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New Active RFID System Strives to Eliminate the 'Overhead'
InPoint says its system—consisting of "dumb tags" that transmit only an ID number, and low-cost reader modules that plug into computers—can read and locate more than 1,000 tags per second in highly metallic environments.
InPoint has yet to make Roll-Call commercially available, but it is seeking partners to help sell the solution for use in the health-care, defense or retail industries. The company, which received a National Science Foundation grant to develop the technology, hopes to begin selling the Roll-Call system within a year after developing partnerships and building a commercial infrastructure based on the current prototype. It is now in the process of creating a smaller, less expensive version of the tag. Currently, the tag measures approximately 1 inch square and a quarter inch thick, but the firm hopes to make it small enough to fit on a ring for jewelry retailers, and to bring the per-tag cost from its current $30 down to $1 within the next five years.
There are other systems that can achieve high read rates in challenging environments as well, such as Mojix's STAR system. In the Mojix system, one or more STAR receivers (readers) manage a network of eNode RF transmitters potentially covering an area of up to 250,000 square feet, and providing a tag read rate of up to 700 passive UHF EPC Gen 2 tags per second. The STAR system, Mojix claims, can read tags as far as 600 feet away, and identify their locations in 3-D to within a 1-foot radius (see Mojix Takes Passive UHF RFID to a New Level). Lufthansa, in fact, is using the STAR system to track pallets in a 50,000-square-foot warehouse at Frankfurt Airport (see Lufthansa Expands RFID Use).
Passive EPC Gen 2 RFID tags are available for less than 25 cents apiece—a fraction of the $30 that a Roll-Call tag would currently cost, assuming it were commercially available. The InPoint readers, however, offer similar results at a low cost, Fenson says. An interrogator consisting of a reader module connected to a single computer (if using the off-the-shelf Linux box that InPoint provides) is expected to cost a user about $350. "We anticipate that a 'starter' kit of 100 tags, 10 reader modules, three hubs and standard Roll-Call software will sell for less than $10,000," he states. "Additional tags and reader modules will sell for under $30 apiece in small volume, and additional hubs for less than $350, also at small volume."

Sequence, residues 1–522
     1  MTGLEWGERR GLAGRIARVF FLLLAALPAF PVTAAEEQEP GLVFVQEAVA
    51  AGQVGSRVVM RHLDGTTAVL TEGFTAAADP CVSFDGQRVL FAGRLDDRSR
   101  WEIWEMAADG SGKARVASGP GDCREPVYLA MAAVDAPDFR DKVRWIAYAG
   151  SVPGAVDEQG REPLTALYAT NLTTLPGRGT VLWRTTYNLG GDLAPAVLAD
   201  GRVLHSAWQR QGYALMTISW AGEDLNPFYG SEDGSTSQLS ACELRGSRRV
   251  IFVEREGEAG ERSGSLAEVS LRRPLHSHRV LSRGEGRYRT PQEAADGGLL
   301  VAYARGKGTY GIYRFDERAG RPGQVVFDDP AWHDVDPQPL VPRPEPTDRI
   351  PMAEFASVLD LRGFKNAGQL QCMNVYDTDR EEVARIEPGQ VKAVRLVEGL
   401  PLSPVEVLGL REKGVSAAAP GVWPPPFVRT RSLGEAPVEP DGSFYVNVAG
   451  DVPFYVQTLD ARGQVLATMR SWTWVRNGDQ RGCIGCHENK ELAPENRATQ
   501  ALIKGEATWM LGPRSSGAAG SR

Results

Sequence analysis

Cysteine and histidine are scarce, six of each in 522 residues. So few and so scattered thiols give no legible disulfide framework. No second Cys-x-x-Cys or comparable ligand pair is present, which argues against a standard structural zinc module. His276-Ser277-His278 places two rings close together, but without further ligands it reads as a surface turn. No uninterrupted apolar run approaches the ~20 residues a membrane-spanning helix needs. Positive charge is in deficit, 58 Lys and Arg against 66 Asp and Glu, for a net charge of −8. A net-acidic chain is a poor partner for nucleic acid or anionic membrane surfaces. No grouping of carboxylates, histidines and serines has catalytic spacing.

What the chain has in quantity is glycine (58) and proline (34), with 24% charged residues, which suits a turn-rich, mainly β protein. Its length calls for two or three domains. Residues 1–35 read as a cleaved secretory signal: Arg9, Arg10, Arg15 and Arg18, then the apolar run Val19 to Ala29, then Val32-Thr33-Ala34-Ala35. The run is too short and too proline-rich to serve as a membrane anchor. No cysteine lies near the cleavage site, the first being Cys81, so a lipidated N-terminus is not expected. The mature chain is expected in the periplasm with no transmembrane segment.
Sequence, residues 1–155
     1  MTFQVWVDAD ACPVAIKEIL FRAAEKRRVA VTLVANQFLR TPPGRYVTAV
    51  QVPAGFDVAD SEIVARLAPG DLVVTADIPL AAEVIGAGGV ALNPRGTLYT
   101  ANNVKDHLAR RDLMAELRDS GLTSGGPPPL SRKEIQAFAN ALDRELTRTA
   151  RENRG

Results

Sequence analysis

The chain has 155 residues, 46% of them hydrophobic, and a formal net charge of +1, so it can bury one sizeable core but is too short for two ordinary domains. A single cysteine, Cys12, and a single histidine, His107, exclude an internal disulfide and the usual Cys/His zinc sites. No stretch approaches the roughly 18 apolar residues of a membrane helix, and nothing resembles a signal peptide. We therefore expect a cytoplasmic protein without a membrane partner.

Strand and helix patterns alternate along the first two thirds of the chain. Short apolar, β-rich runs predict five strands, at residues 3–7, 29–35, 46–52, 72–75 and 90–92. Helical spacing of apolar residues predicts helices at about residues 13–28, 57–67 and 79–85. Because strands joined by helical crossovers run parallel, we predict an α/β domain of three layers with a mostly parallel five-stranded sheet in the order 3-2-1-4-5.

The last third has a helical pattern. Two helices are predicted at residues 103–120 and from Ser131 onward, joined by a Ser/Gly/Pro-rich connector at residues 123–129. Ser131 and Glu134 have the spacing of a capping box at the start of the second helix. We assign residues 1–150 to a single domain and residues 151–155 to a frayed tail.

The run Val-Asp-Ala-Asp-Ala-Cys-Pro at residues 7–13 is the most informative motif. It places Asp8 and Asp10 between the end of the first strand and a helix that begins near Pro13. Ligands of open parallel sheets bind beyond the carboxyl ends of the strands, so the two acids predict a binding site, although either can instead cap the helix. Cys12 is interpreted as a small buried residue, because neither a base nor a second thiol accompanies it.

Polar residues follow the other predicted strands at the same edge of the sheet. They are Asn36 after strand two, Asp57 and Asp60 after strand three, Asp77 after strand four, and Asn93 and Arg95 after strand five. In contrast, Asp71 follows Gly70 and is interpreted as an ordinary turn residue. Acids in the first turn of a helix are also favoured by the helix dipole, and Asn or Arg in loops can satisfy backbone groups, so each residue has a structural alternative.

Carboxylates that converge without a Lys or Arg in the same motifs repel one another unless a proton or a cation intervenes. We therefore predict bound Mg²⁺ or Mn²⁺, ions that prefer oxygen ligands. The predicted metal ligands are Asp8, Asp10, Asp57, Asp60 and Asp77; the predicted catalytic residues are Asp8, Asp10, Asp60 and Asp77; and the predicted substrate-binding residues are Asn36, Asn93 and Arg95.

Although EPC tags were initially designed to be encoded only with a unique ID number, they now are available with extra user memory for data storage, and can be queried by a reader, thereby transmitting the overhead that the InPoint system has eliminated. And because EPC tags are passive, Fenson notes, the read range is not usually as great as what the Roll-Call tags would offer, though Mojix claims its STAR system can read passive EPC tags from a distance of 600 feet.
A prototype of the tags and readers is currently being tested by two DOD agencies and two health-care facilities, all located in New Jersey, to evaluate the system's ability to track items in challenging environments.
"We are at the stage where we have the technology that we think is applicable across many industries," Fenson says. For example, the DOD's Communications-Electronics Research, Development, and Engineering Center (CERDEC), in Fort Monmouth, purchased a kit that included 10 Roll-Call tags, four reader modules and a single hub, as well as software to manage the readers and interpret the tag-read data. The agency utilized the kit to test the Roll-Call system's ability to track military inventory, such as equipment destined for Iraq, though Fenson declines to provide additional details of that testing.
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